Difference is Strength
That’s why welcoming students, faculty and staff from different places, backgrounds and experiences is so important to us. And it’s also why you’ll feel right at home in the Carnegie Mellon community.
Differing perspectives drive our academic excellence and spirit of innovation. But, in a world where systems have created inherent advantages for some and disadvantages for others, simply recognizing the value of our differences is not enough. We need to make things right — so no one is left out.
At Carnegie Mellon, we’ve made changes to reflect this commitment. Our goal is to ensure that everyone — regardless of background — has the same opportunities from admission through graduation and beyond.
Center for Student Diversity and Inclusion
The Center for Student Diversity and Inclusion actively cultivates a strong, diverse and inclusive community while offering resources to enhance an inclusive and transformative student experience in dimensions such as access, success, campus climate and intergroup dialogue.
Additionally, the Center supports and connects historically underrepresented students and those who are first in their family to attend college in a setting where students’ differences and talents are appreciated and reinforced.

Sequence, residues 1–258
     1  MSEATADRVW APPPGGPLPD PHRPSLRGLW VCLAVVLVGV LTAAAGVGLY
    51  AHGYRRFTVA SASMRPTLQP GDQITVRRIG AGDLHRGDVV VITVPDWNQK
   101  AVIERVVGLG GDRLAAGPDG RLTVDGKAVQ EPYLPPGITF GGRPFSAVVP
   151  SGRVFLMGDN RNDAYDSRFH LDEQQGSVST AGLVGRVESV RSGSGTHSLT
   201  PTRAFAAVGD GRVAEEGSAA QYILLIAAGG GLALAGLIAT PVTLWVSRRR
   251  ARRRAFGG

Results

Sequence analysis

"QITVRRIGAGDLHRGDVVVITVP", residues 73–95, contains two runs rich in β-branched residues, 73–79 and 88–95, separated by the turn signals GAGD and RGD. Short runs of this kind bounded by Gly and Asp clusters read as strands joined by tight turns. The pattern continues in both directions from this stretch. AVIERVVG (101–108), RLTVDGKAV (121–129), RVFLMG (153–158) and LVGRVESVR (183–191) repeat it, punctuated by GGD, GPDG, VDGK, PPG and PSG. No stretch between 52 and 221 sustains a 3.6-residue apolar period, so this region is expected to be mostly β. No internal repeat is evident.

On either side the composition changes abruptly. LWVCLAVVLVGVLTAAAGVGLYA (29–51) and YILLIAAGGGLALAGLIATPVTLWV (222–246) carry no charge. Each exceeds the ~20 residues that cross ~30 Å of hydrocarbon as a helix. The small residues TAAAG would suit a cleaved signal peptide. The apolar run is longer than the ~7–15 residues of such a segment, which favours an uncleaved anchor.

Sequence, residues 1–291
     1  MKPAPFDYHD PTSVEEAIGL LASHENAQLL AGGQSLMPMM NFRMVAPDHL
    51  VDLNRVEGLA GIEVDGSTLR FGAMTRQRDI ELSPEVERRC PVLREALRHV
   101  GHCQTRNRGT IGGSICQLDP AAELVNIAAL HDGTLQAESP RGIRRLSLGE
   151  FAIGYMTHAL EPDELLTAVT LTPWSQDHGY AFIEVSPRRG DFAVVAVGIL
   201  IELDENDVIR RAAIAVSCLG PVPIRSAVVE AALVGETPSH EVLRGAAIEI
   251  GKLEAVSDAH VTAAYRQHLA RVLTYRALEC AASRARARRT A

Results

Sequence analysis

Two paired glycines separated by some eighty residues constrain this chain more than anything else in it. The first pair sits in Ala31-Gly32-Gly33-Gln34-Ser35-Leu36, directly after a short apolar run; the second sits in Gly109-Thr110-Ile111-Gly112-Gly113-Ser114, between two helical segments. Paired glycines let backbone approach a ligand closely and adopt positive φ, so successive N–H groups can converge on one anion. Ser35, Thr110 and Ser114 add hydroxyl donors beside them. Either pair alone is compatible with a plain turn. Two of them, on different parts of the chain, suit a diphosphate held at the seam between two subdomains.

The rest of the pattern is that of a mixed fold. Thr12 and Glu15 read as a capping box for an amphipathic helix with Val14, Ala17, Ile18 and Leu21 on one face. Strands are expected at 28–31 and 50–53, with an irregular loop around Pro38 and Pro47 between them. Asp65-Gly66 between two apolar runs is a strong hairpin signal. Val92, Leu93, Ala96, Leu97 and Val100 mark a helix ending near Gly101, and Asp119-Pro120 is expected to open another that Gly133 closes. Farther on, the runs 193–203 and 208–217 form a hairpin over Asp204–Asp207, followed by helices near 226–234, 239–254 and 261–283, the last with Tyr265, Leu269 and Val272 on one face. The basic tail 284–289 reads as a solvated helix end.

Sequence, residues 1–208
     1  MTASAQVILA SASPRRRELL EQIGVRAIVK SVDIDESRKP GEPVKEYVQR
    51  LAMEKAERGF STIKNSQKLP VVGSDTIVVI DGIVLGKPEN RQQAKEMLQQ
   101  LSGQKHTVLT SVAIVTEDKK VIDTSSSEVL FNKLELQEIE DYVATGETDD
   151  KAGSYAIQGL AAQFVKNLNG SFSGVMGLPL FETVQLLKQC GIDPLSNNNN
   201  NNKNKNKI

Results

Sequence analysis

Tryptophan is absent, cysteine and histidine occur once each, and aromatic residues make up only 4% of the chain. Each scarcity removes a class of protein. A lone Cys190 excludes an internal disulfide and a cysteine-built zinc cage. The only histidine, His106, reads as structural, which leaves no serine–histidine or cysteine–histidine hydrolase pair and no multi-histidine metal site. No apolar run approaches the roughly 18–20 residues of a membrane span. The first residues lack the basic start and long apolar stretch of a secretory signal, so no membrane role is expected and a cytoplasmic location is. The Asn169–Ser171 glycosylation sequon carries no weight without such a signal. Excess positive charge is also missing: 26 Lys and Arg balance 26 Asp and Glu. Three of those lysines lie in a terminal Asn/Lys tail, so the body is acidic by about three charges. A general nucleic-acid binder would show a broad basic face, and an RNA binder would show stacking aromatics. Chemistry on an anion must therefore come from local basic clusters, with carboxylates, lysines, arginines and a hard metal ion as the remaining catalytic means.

Carnegie Mellon University has more than 80 multicultural student organizations: find a community.
Office of the Vice Provost for DEI
Led by Dr. Wanda Heading-Grant, our Office of the Vice Provost for Diversity, Equity and Inclusion serves in a critical role for Carnegie Mellon to enact real and lasting changes through long-range planning and implementation of initiatives that advance diversity, equity and inclusion.
The Office also coordinates with each of the university’s academic and administrative units to oversee their five-year strategic DEI plans and college-based commitments.
By working closely with colleagues throughout the university, the Office of the VP for DEI strives to enact real and lasting changes in how Carnegie Mellon addresses racism, classism, sexism and the language of othering as it exists across the campus community.
Diversity, Equity and Inclusion Websites